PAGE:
An analysis of the use of WHO guidelines has revealed that: 

  • 148 countries are offering breastfeeding counselling, placing a greater focus on exclusive breastfeeding for six months than on continuous nursing for two years and beyond.
  • The project for baby-friendly hospitals is being implemented in 111 nations.
  • Women of reproductive age and pregnant women are given iron supplements in 120 nations.
  • 52 nations are implementing point-of-use micronutrient fortification of meals consumed by babies and young children, whereas 74 countries are fortifying wheat or maize flour (mostly with iron).
  • Replacement feeding is the major strategy used by 67 countries to manage baby feeding in the context of HIV.
  • Women and children can get dewormed in 69 different countries.

Action 3: Encourage the inclusion of nutrition in development strategies and programs outside the health sector.

The Committee on World Food Security has given the policy discussion around nutrition and healthy food systems a higher importance. The committee talked about funding for healthy food systems and avoiding stunting, as well as examining how agricultural policies affect dietary intake. A new work stream was approved for 2018–2019 for the Committee’s involvement in advancing nutrition. It discussed the work program of the Decade of Action on Nutrition and the progress report of the Second International Conference on Nutrition. 

Action 4: Provide adequate human and financial resources for implementing nutrition interventions

Governments are making investments in programs that could improve nutrition by reducing poverty through social protection payment transfers, enhancing access to water and sanitation, and offering school lunches. Governments now allocate a considerably larger amount of their domestic budgets to areas that deal with the underlying factors that influence nutrition, opening the door to funding a more comprehensive agenda. Depending on the country, domestic government spending on undernutrition interventions can account for more than 10% of overall budgetary spending.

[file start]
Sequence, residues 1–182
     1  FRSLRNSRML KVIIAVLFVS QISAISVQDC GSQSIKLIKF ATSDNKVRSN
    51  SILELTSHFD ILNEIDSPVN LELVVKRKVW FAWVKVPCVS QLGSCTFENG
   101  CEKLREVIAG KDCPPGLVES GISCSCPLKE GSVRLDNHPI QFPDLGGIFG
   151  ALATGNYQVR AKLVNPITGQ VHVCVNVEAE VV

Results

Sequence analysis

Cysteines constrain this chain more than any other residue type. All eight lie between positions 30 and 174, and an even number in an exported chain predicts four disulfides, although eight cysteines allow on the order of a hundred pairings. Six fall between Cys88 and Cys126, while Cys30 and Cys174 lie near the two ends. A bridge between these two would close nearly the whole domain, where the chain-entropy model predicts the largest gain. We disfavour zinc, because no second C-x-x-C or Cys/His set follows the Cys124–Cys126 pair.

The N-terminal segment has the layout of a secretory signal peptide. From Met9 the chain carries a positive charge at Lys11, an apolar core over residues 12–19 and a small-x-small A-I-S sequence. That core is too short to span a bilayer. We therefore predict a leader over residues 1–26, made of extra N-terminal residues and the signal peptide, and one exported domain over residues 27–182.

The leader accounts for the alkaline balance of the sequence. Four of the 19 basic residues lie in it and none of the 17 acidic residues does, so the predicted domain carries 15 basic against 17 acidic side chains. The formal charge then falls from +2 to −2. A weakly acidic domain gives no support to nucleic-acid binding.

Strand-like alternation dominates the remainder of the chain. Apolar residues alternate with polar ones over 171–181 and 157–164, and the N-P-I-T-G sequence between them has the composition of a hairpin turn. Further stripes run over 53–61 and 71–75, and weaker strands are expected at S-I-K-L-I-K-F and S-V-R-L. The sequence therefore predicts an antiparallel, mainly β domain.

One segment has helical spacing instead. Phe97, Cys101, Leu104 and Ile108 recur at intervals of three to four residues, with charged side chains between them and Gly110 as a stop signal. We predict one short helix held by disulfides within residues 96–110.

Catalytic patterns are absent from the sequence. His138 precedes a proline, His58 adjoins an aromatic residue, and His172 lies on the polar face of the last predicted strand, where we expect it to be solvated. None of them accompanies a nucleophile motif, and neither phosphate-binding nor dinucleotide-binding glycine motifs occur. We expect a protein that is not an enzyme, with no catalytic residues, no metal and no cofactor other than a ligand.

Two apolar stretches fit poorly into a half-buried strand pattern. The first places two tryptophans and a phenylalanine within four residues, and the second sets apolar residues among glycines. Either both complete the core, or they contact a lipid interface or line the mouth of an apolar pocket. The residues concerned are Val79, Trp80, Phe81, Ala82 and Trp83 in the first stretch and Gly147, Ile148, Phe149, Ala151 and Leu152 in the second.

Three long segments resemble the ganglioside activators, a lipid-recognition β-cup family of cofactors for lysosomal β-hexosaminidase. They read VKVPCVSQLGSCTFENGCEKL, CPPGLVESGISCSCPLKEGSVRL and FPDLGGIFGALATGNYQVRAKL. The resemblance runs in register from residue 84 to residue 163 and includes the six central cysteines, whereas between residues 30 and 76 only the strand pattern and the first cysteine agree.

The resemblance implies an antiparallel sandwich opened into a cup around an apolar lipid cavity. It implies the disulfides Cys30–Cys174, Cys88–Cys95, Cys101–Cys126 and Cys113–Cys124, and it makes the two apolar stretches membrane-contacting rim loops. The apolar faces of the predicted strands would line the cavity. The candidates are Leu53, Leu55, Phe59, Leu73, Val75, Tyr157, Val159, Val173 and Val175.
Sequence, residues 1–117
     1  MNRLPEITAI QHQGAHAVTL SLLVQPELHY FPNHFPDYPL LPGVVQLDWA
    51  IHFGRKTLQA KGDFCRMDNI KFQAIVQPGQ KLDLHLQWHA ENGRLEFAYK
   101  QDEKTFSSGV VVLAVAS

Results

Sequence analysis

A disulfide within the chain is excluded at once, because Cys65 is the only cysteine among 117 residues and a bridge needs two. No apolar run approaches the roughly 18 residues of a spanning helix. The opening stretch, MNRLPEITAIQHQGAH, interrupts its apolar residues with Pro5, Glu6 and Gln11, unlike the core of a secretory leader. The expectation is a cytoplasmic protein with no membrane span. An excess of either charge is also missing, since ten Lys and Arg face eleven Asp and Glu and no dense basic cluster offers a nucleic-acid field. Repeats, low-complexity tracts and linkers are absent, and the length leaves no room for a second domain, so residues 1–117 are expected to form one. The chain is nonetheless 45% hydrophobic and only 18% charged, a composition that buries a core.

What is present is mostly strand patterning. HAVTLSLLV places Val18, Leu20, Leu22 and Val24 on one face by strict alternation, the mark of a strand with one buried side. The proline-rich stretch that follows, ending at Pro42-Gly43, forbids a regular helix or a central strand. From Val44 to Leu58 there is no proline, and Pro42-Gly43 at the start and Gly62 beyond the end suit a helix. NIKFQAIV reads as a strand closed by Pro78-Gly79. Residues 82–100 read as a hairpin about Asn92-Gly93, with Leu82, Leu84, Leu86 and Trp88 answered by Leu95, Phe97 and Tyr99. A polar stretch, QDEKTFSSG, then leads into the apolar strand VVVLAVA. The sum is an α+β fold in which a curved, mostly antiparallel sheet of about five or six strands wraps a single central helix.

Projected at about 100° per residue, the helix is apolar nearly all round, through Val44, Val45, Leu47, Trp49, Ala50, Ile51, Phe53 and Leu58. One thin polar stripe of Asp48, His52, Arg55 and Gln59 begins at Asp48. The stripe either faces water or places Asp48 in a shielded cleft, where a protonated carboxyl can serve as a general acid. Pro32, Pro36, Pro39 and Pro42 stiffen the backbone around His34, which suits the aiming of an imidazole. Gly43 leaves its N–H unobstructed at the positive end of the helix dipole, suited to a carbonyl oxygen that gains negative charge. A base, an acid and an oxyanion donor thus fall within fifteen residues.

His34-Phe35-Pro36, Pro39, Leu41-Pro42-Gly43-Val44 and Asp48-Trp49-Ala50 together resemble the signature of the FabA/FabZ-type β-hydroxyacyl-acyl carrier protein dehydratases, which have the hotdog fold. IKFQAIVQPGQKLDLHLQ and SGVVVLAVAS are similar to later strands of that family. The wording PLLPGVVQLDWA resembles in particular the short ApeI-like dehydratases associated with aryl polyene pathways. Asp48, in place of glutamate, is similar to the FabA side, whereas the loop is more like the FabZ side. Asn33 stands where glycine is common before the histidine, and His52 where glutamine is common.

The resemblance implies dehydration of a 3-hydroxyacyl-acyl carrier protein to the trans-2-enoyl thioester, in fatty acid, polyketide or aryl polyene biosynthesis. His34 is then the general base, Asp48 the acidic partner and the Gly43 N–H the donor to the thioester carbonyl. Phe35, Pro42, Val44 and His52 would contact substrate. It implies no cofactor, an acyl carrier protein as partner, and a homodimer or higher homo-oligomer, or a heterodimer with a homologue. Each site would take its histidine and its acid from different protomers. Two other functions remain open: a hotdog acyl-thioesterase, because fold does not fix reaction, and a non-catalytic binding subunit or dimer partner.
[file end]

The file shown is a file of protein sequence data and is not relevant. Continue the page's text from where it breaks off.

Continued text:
There are still large funding shortfalls for nutrition-specific initiatives. Between 2014 and 2015, global spending by donors on interventions focused on nutrition only increased by 1% ($5 million) while its share of total international development aid decreased from 0.57% to 0.50%. Just 0.01% of all international development aid is spent on the prevention and treatment of diet-related non-communicable illnesses. According to the World Bank’s investment strategy for nutrition, an additional US$ 70 billion over a ten-year period would be required to reach the goals for stunting, women’s anaemia, exclusive breastfeeding, and scaling up treatment for severe wasting. The Global Financing Facility was created to fill the funding gap in nutrition and reproductive, maternal, infant, and child health.

Action 5: Track and assess how policies and programs are being implemented

The 68th World Health Assembly adopted decision WHA68 (14) in May 2015, which decided:

  • To accept the additional key indicators for the global monitoring framework on maternal, baby, and early child nutrition. 
  • To recommend that Member States report on the entire core set of indicators beginning in 2016, with the exception of progress indicators 1, 4, and 6 as well as policy environment and capacity indicator 1, which would be reviewed by the Executive Board once available and reported on starting in 2018 after receiving approval.
  • To request more operational guidance from the Director-General. 

For more information regarding the comprehensive progress on breastfeeding and nutrition of the baby, feel free to check out our Maternal, Infant, and Young Child Nutrition course here.